Quit your job, travel the world. That’s the dream for many. Corey van der Laan is living it.
The 35-year-old Calgarian is on the adventure of a lifetime. He’s left his job, sold most of his stuff and condensed his life into a backpack and a laptop bag for an around the world trip that will take him from England to Costa Rica while visiting 45-plus countries along the way.
He’s budgeted $75,000 for the year-long excursion — a lot, he admits, but you only live once. “If I’m saving it for retirement, by the time I get to retirement I might not be able to enjoy it as much as I could now,” van der Laan said. “Might as well do it now.”
The travel bug bit van der Laan late. His first big trip after he graduated from St. Francis High School was to Europe in 2003. “I did not have a great time,” he said in an interview before leaving. “I went with my best friend and we fought the entire time, came back and was like, I hate this.”
After another trip with his best friend in 2011, where they again fought regularly, he decided to stop travelling with friends. It was a trip alone to Africa later that year that opened his mind.
“I remember Day 1 being like, this is incredible. I never want to leave this,” van der Laan said. “Part of me feels like I’m making up for lost time now. I squandered my 20s; when I had the time to travel, I chose to work instead.”
He studied computer science at the University of Calgary and worked in IT for 12 years before going back to school to get his MBA at the U of C’s Haskayne School of Business in 2017. Then last year, he took a job in Vancouver. After growing up, studying and working in Calgary, it was a difficult transition which prompted him to evaluate his life.
“At first I was like, ‘I don’t know what I’ve done, this is a big mistake,’ ” he said. “I thought, why not just go travel? For the first time in my life, I realized I had nothing that was holding me back. I didn’t have a job that I loved, I didn’t have a house, I didn’t have a mortgage. I had nothing holding me back.”
He started putting money aside and began thinking what it would be like to travel for a year. He realized that he couldn’t go in without a plan.
“I thought I don’t need a lot of money to travel. If I can find a way to monetize this, this could turn into a business,” he said. “I thought, maybe I could be a travel reviewer.”
So he began researching different travel companies and Contiki, a tour company specifically for 18- to 35-year-olds kept popping up in his search results. He had travelled with them in 2011 and he was curious about a lot of the trips they offered.
“I had a laundry list of trips I wanted to do with them,” van der Laan said. But he was almost 35. “When I turn 36, I’m done. I reached out to Contiki and said, ‘I want to do this marathon of Contiki.’
The company embraced him, offering him discounts on trips and a referral code and promotion for van der Laan’s YouTube channel, where he will be trying to monetize his adventure. In total, he’s booked 20 Contikis of various lengths that will take him from Europe, where he started in May, to his last trip in Central America.
Youth is not only a restriction on Contiki’s trips, it might also be a necessity.
“You’re going to bed at 3, 4 a.m. after partying all night and you get up at 5 a.m. and you go to the next destination,” van der Laan said. “You get off the bus and you’re in the new city, and you’re partying again. There’s also sightseeing in there, too, but there’s a lot of partying. It’s extremely exhausting. The thought of doing, back-to-back-to-back-to-back-to-back trips around the entire world was a bit insane. But I thought I have to maximize the most. I’m someone that always goes all in.”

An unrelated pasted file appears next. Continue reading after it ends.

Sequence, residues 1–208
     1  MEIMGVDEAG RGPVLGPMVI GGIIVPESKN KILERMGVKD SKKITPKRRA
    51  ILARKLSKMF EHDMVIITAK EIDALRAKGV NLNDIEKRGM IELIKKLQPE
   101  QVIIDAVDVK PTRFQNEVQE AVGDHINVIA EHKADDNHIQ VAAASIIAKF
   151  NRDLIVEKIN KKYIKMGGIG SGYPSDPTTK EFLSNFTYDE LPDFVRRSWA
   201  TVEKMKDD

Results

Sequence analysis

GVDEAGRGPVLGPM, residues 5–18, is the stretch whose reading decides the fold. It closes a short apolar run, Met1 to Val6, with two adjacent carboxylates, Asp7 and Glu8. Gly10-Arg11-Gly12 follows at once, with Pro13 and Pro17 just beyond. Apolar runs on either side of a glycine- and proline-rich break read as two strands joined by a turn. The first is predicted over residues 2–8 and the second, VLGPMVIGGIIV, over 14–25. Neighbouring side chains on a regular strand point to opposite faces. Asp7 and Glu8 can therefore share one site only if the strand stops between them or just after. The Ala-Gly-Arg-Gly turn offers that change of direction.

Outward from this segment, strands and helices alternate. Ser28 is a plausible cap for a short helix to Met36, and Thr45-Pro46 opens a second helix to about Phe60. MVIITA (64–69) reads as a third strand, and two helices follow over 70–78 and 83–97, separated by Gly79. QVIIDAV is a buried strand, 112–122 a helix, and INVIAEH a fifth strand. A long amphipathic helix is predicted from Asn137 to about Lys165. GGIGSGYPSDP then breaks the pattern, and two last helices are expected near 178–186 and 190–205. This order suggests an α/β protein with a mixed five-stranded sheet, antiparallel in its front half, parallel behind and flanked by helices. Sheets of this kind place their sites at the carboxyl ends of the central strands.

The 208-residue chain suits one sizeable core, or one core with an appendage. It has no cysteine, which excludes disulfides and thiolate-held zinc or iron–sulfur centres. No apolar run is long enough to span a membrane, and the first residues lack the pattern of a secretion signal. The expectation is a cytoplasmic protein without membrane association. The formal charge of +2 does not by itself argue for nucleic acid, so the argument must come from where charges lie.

After saving up for a year, van der Laan left his job — which he says he grew to appreciate — to move back to Calgary. He sold as much as he could and moved the rest into his parent’s basement in the suburbs. His life is now contained within a modular backpack and a laptop bag. He packed as light as he could, with one exception.
“I think I have more shirts than I need,” he said. “I just thought that if I’m going to be on YouTube everyday, I will at least have a variety of clothes. I won’t be wearing the same shirt all the time.”
What won’t fit is any souvenirs, a choice reflecting a new mentality for van der Laan.
“I continue to lose things and sell things,” he said. “This, for me now, is what my life is. I really enjoy that. I think I am becoming more of a minimalist. This makes it easy, not buying things I don’t need. At least I’ll be able to travel longer because I won’t be spending money on things that have no other purpose.”
For van der Laan, the souvenirs will be his photos and videos. Which means his greatest fear is losing his camera gear while on the trip; a fear that was realized when he was doing a trial run to Nicaragua this winter.
“It happened in Nicaragua, but it could very well happen in Calgary,” he says. “I could’ve had my house broken into here. You just have to trust that you’re going to be OK … But not being dumb, not leaving my stuff out in the open, not being flashy about my stuff.”
As he lets go of the physical things he accumulated, he’s also letting go of his earlier life plan. He admits he wanted to have a family when he was younger, but that’s not how it played out.
“I remember getting out of high school and being like, I can’t wait to have a family. I can’t wait to have kids,” van der Laan said. “It just didn’t happen … It’s funny, once I started travelling, there was a part of me that thought, ‘oh, I can have all of that once I’m done travelling …’ And then I thought, ‘I don’t need to have kids. I can just keep travelling.’ ”
Follow along with van der Laan as he travels the world at youtube.com/coreyvanderlaan .